• Stacking Direct Pay and Transfer Credits

Another open question was whether a Direct Pay Eligible Taxpayer could stack together the elections for Direct Pay and Transfers, effectively allowing an entity to buy credits at a discount under the Transfer rules and then make a Direct Pay election for the full credit amount. The proposed regulations unsurprisingly forbid this by requiring all Direct Pay (and Transfer) elections to be made by the entity that owns the underlying eligible credit property or, if ownership is not required (such as in certain production tax credits), an election by the party that otherwise conducts the activities giving rise to the underlying credit. The Treasury Department and the IRS note that they will seek further comment on the issue, but their position seems unlikely to change, given the difficulty to administer this and its obvious departure from the policy goals of the IRA.

  • Timing for Direct Pay Claims

Direct Pay Eligible Taxpayers must register their Direct Pay credits under the rules of the temporary regulations discussed below. Once registered, a Direct Pay election must be made with the Direct Pay Eligible Taxpayer’s annual tax return filing or, if not a regular tax filer, on the due date for the applicable annual return. For example, a tax-exempt entity must file with a Form 990-T as if it had an annual return filing obligation for unrelated business taxable income. Direct Pay claims must be made on a Form 3800 for the General Business Credit (or such successor forms that the IRS prescribed). Importantly, claims must be made on an original return, not on an amended return. The due date of an original return can be extended, and an original return includes a superseding return filed on or before the due date, but no relief will be granted for missed elections after a return due date.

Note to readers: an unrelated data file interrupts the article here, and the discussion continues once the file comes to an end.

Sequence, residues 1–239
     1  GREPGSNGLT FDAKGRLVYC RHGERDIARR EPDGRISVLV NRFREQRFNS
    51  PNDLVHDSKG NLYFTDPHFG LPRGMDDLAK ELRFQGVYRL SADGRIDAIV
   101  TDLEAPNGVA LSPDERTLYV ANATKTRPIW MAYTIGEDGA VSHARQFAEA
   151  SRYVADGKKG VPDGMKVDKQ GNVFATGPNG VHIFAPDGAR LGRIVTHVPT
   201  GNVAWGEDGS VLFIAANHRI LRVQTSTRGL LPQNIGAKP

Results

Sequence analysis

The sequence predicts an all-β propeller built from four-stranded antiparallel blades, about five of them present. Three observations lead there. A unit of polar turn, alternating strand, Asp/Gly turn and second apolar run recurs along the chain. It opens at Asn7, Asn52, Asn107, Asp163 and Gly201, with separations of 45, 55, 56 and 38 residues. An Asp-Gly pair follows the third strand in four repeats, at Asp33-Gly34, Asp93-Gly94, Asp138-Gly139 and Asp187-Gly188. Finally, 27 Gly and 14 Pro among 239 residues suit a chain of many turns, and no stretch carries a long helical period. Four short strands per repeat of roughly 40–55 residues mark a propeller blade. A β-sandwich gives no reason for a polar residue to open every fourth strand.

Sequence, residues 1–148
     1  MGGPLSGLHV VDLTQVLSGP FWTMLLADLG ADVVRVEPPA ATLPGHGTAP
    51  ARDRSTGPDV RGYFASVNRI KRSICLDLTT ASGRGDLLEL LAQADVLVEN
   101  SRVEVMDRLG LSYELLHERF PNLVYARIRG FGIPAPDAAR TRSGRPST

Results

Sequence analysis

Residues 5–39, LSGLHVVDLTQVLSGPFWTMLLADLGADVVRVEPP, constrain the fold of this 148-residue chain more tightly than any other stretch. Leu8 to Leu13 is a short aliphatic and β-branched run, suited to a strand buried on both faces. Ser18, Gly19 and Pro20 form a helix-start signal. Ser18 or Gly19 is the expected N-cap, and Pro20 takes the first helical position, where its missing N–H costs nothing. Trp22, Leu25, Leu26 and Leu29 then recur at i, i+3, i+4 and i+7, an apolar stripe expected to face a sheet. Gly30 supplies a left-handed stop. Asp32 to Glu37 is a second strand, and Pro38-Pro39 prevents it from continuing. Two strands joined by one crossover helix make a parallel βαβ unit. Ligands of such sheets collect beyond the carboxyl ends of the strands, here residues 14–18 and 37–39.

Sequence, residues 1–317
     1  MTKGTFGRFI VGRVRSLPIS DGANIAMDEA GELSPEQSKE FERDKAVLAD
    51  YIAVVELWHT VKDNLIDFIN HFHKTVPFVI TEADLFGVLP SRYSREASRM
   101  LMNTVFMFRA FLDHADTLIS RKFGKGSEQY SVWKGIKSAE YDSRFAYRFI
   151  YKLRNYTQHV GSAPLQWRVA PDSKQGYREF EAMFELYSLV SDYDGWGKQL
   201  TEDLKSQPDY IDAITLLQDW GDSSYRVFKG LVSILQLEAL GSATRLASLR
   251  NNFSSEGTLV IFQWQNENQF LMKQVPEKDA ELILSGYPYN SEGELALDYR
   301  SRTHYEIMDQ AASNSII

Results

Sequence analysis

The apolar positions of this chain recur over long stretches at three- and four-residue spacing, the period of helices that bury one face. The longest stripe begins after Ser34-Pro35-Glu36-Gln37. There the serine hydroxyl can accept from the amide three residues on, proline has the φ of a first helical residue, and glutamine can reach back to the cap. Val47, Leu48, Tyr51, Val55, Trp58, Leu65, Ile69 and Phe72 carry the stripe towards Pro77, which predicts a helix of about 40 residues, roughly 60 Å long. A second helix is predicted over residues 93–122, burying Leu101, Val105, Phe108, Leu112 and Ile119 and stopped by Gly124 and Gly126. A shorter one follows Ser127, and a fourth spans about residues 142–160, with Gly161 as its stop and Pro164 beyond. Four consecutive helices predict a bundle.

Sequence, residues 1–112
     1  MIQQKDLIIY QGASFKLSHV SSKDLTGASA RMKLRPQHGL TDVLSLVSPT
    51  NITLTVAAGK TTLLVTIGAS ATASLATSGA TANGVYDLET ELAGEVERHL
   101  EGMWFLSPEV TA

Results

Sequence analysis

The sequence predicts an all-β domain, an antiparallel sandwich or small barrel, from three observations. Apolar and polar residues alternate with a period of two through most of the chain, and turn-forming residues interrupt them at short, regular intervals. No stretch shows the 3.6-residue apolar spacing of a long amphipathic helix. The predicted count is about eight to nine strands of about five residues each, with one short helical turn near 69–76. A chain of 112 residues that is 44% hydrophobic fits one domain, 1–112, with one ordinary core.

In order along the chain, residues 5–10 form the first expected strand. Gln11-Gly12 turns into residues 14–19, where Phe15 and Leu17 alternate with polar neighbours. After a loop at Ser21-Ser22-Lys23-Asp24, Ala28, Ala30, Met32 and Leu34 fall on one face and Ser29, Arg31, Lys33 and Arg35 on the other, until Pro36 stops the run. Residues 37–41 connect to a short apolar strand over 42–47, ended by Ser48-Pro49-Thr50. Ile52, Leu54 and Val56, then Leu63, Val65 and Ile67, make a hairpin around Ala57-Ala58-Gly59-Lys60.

Temporary Regulations on Pre-Filing Registration for Direct Pay

The pre-filing rules for Direct Pay are generally congruent with those for Transfers. Eligibility is contingent upon the Direct Pay Eligible Taxpayer completing the filing process, obtaining a registration number from the government and reporting the registration number on the entity’s annual tax return. Completion of the pre-filing registration requirements and receipt of a registration number do not, by themselves, mean the taxpayer is eligible for Direct Pay. Ultimately, eligibility is determined under the substantive technical rules granting the specific energy credit.

The broad pre-filing parameters are as follows:

  • Those intending to elect a credit Direct Pay must file through an IRS‑provided electronic portal (to be established by fall 2023).
  • The election cannot be made until the registration requirements have been completed and the IRS has issued a registration number.
  • Each applicable credit-bearing property or activity must have its own registration number.
  • The required identifying information must be provided before the registration will be processed by the IRS, including certain amendment and renewal requirements.

Unless modified in future guidance, these temporary regulations establish the definitive list of required identifying information. The pre-filing information that must be provided is as follows: